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What Is an OTT Service Business?

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Last editedMay 20222 min read

From Netflix to YouTube, content streaming services have transitioned from novelties to mainstream sources of entertainment. Millions of viewers tune in to online streaming platforms every day, so how can brands build their profiles using the power of video? Over-the-top or OTT streaming services offer plenty of possibilities – but how do they work?

What are OTT services?

The term OTT, or over-the-top, refers to any internet video streaming service. Typical examples of OTT streaming services include HBO Max, Disney+, and other content providers. The first OTT livestream phenomenon took place in 1995, when ESPN hosted a Major League Baseball game online. However, it wasn’t until the late 2000’s with the growth of Amazon Instant Video and Netflix that this type of service really took off in the average viewer’s home. Today, many Americans have ditched traditional cable TV entirely in favor of OTT.According to Pew Research, while 24% of consumers solely viewed streaming content in 2015, this percentage rose to 44% by 2021.

Types of OTT business models

There are many different types of streaming content platforms out there, which means not all OTT service providers follow the same business model. Here are four of the most common types of OTT service company:

1. Ad-Based Video on Demand (AVOD)

The first type of OTT service company is one you’re probably familiar with. AVOD businesses earn revenue through advertising. Viewers can access content for free, but they’ll be shown ads in return. These might be full video ads or less intrusive sponsored content or banner ads at the top of the screen. Advertisers pay the platform to show commercials to viewers. Examples of this type of business include non-premium YouTube and Xumo.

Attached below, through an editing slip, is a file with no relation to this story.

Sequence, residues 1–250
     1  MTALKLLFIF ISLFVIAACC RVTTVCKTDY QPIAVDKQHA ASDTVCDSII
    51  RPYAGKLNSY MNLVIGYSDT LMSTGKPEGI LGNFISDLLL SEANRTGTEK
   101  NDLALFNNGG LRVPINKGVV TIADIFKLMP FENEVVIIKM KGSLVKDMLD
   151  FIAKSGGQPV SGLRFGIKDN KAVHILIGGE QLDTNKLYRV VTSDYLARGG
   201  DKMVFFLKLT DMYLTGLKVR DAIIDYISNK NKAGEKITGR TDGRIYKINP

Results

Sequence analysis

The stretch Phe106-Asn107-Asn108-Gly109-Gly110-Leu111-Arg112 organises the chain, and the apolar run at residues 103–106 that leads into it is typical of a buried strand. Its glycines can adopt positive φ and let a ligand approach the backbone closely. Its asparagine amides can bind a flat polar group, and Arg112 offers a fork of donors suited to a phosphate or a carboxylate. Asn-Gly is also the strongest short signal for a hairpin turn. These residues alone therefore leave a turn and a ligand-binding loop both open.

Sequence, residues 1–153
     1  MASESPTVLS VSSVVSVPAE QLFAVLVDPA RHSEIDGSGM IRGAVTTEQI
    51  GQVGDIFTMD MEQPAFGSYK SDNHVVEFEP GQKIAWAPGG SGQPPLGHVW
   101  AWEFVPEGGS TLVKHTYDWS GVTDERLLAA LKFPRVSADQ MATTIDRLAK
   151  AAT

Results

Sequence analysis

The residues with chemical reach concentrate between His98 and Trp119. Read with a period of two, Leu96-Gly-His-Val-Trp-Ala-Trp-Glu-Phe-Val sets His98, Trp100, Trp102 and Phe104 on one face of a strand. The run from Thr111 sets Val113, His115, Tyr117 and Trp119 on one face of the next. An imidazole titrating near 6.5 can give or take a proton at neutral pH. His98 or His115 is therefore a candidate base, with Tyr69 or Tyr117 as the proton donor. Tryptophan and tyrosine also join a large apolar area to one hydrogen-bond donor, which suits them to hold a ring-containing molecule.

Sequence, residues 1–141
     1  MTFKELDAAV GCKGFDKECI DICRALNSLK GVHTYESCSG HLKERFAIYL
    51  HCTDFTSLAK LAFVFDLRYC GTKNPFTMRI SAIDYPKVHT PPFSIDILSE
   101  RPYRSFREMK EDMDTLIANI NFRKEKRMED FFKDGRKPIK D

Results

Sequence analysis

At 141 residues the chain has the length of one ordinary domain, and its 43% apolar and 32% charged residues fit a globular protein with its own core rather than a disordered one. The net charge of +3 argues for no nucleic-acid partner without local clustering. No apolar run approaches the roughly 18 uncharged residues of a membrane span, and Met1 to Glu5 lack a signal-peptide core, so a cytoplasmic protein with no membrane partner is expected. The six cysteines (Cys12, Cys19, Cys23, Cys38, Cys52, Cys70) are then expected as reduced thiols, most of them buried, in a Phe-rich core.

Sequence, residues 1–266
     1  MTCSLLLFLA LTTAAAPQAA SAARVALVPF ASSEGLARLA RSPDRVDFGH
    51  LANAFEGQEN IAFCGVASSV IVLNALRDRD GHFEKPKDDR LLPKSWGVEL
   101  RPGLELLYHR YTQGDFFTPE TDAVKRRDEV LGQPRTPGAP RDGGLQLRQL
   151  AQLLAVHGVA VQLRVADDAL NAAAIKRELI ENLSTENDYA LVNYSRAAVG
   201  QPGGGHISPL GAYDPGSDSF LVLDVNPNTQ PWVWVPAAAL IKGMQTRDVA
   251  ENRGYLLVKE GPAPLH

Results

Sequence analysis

2. Subscription Video on Demand (SVOD)

Another OTT model is SVOD, which charges viewers a recurring fee to access on-demand video content. Perhaps the most famous SVOD example is Netflix, but additional examples include premium YouTube, HBO Max, and Apple TV+. Paying members gain full access to the platform’s library of video content, including exclusive programming as well as licensed content. Some charge a flat fee, while others use a tiered pricing model.

3. Transactional Video on Demand (TVOD)

What if you only want to access a single video at a time? Transactional Video on Demand, or TVOD, services use a straightforward pricing model. The viewer pays a single fee to buy or rent the specific videos of their choice. This form of OTT service company has been around for years, also called pay-per-download (PPD) or pay-per-view (PPV). It’s ideal for sports, music, and other types of events as well as on-demand access to new-release Hollywood movies.

4. Fast OTT service providers

Free, ad-supported streaming TV (or FAST) is similar to the AVOD model we’ve mentioned above. Both offer on-demand content accessed by viewing advertisements, and indeed the two formats are often merged under AVOD. However, FAST typically includes live TV options as well as a curated playlist of channels. It’s a blend that still feels like traditional TV, upgraded with on-demand streaming content. Examples include Pluto TV, which was purchased by Viacom in 2019 to include content from popular cable channels like MTV, Comedy Central, and Nickelodeon.

Which type of OTT service is best?

Each of these OTT models comes with different pros and cons. Netflix is the most successful of the group, but this doesn’t mean that the subscription model is always best. If your business wishes to offer streaming content, you should consider whether you’d prefer to earn revenue from subscribers or from advertisers. You should also think about the volume of videos on offer, whether it’s access to exclusive one-time events or extensive libraries from unique content creators.

In any case, original content is important for the success of any OTT services. Users want access to unique videos they won’t find on other platforms, whether it’s how-to tutorials or feature-length films. You’ll need to think about your target audience, niche content, and how to best serve them with one of the pricing models above.

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